Sweeping away the dead leaves and broken thoughts we lifted him up off the tracks. Weeping as we entered the facility that would help sort out the disordered thinking. Leaving him there, even as he begged us not to. You understand we had no choice. The dam had broken and he was being swept away from us any which way we turned. That is what happens to a young man as schizophrenia splinters his reality. There is nothing left that is familiar. There is no safe haven in the mind of someone slowly descending into unreality. His skateboard stood in the corner of the back hallway like a soldier standing at attention. Waiting to be called into service. Never daring to move it personally for fear it would send him the message that he would never get back to “normal”. As the first year blended into the second he began to make sense of his new life. His remarkable intelligence afforded him the ability to understand the disorder and accept it for what it was. He learned how to weed through the forceful, unwelcoming thoughts of his illness and function to the best of his ability. Never questioning why this happened to him. He just trusted those who love him unconditionally to seek out the best possible care.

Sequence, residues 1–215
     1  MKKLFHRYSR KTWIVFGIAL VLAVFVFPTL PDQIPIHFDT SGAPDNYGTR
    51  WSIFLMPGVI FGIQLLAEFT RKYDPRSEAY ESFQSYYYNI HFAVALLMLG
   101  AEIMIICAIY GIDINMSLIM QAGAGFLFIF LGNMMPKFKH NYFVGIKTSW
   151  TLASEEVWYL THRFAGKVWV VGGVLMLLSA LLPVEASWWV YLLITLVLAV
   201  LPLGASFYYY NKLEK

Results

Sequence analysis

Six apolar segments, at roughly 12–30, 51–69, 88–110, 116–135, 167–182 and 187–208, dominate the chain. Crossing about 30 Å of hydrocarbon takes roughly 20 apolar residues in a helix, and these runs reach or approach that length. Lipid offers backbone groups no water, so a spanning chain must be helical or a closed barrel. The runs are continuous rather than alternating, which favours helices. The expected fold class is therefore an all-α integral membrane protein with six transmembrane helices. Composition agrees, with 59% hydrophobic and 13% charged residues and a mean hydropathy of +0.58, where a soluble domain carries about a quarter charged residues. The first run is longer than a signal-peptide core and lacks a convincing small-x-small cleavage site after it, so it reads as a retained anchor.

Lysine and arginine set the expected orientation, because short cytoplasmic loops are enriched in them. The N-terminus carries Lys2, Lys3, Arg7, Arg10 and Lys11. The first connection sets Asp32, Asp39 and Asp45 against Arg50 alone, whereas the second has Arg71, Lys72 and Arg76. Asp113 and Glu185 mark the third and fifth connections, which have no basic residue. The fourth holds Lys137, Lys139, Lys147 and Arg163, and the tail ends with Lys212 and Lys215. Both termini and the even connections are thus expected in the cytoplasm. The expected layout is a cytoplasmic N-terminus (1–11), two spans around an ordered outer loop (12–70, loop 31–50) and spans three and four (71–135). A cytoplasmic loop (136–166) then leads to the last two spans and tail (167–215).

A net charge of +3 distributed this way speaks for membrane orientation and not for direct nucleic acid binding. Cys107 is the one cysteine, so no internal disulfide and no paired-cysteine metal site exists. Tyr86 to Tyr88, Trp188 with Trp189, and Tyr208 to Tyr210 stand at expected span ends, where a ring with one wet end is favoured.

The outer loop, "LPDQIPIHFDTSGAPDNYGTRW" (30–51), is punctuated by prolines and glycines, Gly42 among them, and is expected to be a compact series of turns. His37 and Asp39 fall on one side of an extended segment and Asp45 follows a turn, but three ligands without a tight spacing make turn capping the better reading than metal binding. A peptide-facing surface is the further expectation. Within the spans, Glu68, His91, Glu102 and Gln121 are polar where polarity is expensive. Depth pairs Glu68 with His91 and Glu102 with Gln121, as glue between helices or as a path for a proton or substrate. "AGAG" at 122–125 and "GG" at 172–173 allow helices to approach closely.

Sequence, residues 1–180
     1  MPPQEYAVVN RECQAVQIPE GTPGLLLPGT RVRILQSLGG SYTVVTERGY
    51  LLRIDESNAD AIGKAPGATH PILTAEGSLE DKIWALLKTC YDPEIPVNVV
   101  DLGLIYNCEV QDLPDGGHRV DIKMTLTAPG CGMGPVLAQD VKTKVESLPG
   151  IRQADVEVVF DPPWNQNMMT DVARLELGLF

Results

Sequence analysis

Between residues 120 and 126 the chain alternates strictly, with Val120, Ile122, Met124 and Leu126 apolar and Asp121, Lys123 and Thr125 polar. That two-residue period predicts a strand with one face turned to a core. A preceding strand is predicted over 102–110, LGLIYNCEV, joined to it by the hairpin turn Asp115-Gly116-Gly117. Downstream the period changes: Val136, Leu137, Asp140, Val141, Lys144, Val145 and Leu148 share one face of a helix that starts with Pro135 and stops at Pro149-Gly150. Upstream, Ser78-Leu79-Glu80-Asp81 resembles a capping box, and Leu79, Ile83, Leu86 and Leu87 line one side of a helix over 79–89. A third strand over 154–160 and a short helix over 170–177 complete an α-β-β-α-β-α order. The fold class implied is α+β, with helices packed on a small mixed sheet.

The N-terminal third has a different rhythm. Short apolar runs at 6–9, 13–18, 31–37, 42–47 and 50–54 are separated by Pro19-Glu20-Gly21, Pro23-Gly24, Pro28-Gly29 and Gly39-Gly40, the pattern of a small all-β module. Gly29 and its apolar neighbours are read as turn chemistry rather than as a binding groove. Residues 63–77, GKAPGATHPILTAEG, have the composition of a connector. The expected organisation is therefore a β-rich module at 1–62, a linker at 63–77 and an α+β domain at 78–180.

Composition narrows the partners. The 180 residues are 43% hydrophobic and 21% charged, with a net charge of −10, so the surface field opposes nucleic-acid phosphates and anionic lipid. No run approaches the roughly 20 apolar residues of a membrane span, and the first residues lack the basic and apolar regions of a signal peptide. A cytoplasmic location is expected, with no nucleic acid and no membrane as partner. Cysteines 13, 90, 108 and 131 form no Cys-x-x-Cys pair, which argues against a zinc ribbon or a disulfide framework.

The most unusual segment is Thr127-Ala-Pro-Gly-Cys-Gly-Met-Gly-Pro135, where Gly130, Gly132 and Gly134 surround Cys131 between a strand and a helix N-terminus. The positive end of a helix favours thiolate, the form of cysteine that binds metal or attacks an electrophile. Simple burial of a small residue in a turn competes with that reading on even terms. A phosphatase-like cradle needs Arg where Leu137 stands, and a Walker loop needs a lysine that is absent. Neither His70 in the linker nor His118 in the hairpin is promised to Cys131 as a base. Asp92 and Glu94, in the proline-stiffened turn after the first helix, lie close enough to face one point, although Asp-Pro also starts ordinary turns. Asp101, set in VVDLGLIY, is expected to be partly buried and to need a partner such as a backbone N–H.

As he entered the third year of his illness he spied the skateboard that had gathered a thick coating of dust. Still standing like a sentinel, guarding the memories of his carefree youth. He glided his hand along it’s rim, wiping off the dust on his pants leg. Then, he hoisted it up and slung it across his shoulder. I winced knowing that was where the backpack of his dreams would have been. A man now, he turned to no one in particular and said, “hey, let’s give this skateboard to my cousin, little Michael”. “He skateboards, doesn’t he” ? I watched him load it into the backseat of the car. He just shoved it into the car like it was a bag of groceries. I wanted to scream, “be careful with that,” as if it would break. Finally, we arrived at our destination but he made no motion to get out of the car. He had done the very hardest part already, I reasoned to myself. It was only fair that someone else finish it for him. I opened the back door of the car and reach in for the skateboard. It’s only wood, I kept telling myself. As I passed it off to my sister to give to her grandson I tried to find the words to tell her what this meant. How, it felt like we were passing on an Olympian torch of sorts from a retired Olympic champion. In the game of life it seemed to me that my son had met his match and held his own. Before I had a chance to say anything I heard the car door open. My son had stepped outside the car with a big grin on his face. After giving his aunt a big hug he said, “do you think Michael would like my old skateboard”? “It’s really old but it’s a good one and I used to have a lot of fun on that thing”! She understood the significance because she squeezed my hand long and hard. Her eyes were brimming when she said, “Michael will treasure it, I promise you”.